The smart home opportunity in Spain – reflections from the AECOC TCG Congress

“We prefer to stay outdoors.” Some cultural norms will never change, and locking up a Spaniard in his own high-tech smart home, the new digital castle for an Englishman, is not intrinsically attractive. “You have to understand that we like to go out, socialise, see our friends, and do not invest so much in our homes as you do in the UK.”

So is there a future for smart home in Spain? Continue reading

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Eurozone Blues

1999 was a momentous year for CONTEXT. Not only were we facing the Y2K bug, but at midnight on 1 January 1999, the national currencies of participating countries in Europe, aka the Eurozone, ceased to exist independently. Their exchange rates were locked at fixed rates against each other.

By then we had built up a pretty successful pan-European price tracking and comparison service, PriceWatch. It had depended for years on our ability to monitor prices and VAT rates across different countries and currencies thus enabling customers to perform apples to apples comparisons across a huge swathe of IT products, from desktops to printers to displays.

The service started in the late ’80’s thanks to a chance comment from Unisys: was there anything we could do about tracking prices as the work involved was causing them a headache? We obliged, and started turning out huge folders, updated monthly, filled with pages of indexed specifications and prices, which then graduated into – gasp – an accompanying 3.5” floppy with the data in digital form. Many a CONTEXT old-timer will remember the wrapping and binder duty into the late hours of the night to meet deadlines.

The big question we faced was this: with the introduction of the Euro, was that the death knell for our European Pricing Service? The pundits said yes. Why would any manufacturer pay for data on prices when transparency was assured thanks to the common currency?

Of course, we need not have worried. In fact, if truth be told, the manoeuvring by vendors attempting to rationalise VAT rates and prevent grey market activity gave us more work than ever before.  The PriceWatch service grew, and is now an extremely successful component of the suite of information products we provide today across the globe.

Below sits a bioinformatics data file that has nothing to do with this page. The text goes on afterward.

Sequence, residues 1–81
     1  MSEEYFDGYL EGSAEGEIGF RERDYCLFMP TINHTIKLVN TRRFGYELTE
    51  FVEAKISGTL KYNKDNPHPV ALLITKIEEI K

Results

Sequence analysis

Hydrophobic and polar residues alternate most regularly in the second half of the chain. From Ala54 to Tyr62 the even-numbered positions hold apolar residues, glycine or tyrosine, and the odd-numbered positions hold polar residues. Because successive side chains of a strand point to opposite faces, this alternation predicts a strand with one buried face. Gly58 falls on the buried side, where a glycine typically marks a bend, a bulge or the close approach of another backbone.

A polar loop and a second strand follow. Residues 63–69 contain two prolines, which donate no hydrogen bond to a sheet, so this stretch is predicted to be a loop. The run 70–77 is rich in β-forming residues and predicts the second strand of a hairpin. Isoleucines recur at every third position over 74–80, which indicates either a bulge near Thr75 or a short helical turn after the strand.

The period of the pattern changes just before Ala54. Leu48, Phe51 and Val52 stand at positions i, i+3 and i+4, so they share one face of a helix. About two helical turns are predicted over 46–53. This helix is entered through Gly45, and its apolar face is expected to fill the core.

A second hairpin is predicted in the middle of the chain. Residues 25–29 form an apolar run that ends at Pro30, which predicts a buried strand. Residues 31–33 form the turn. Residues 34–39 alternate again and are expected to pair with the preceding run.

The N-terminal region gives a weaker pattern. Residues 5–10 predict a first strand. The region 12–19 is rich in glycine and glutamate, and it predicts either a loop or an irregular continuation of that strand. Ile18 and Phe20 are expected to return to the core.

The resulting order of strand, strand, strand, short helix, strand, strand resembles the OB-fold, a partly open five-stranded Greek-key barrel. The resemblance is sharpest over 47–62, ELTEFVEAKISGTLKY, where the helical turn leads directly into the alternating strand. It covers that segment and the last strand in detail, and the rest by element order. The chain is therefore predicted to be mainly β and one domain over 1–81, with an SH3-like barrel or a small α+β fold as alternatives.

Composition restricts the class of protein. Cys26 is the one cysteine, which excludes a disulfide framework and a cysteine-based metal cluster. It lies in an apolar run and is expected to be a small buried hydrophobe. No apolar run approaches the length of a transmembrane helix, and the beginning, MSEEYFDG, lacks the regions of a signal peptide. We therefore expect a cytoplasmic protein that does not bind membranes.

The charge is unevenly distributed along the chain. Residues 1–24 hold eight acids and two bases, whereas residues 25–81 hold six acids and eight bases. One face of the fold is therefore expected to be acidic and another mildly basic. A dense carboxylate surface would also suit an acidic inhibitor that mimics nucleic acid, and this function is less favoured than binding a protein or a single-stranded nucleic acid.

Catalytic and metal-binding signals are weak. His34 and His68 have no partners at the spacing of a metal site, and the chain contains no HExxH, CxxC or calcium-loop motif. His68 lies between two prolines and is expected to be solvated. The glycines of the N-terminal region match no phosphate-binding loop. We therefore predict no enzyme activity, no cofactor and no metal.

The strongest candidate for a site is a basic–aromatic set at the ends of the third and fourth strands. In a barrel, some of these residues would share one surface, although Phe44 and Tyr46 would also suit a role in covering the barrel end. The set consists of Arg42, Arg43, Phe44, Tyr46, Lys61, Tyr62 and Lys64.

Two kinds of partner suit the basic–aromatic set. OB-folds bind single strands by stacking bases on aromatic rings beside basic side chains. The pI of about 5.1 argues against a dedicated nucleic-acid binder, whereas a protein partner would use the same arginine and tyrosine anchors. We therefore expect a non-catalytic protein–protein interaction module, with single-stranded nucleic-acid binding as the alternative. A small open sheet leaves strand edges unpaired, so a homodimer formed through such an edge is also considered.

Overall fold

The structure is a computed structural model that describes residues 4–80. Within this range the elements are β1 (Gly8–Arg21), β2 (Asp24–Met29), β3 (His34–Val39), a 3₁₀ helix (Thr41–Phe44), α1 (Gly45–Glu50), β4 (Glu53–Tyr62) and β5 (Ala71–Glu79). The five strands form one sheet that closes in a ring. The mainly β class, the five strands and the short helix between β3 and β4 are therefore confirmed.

by JD

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Will there be competition in the mobile OS market?

Following Microsoft’s exit from the mobile OS market, Google and Apple are clearly dominating this space but for how long?

We have seen various attempts to break this duopole already: Tyzen, Salefish, Ubuntu – to name just a few. All of these attempts failed. However, it may be possible that Huawei or Tencent will change this. Tencent owns WeChat, a Chinese analogue of Telegram and Whatsapp and the company is now expanding to Russia.

WeChat in China has many features unknown to users outside of China. For example, while in Europe operators, Apple and Google are making first steps in the mobile payment systems, WeChat in China has had this feature for a number of years now. WeChat also features many other OS functions and, as announced last year, Tencent plans to expand these even more, which could be a concern for Facebook and Google. Essentially, WeChat could substitute Android by taking over all of its functions and apps. So this makes WeChat nearly an OS but Tencent is missing the hardware platform.

Now to Huawei. In recent years Huawei became a globally recognised Smartphone vendor. The key feature is Kirin – Huawei’s own processor. The only missing jigsaw piece is the OS. With nearly 2 billion users alone in China, Huawei can afford to have its own operating system. Add to this the fact that Google Store doesn’t work in China which makes for a unique experience of managing apps without Google.

Finally, Tencent and Huawei could join forces to enter the mobile OS battle. And if they do – we will be monitoring this space closely.

 

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Russia Goes Graphics Card Mad as State Crypto-mining Efforts Increase

Has Russia become a nation of gaming fanatics? At first look it appears so: CONTEXT figures from the graphics card market show growth of 250% year-on-year in distribution sales for Q1 2018. That’s an increase of €7m to €30m to reach second in Europe behind Germany.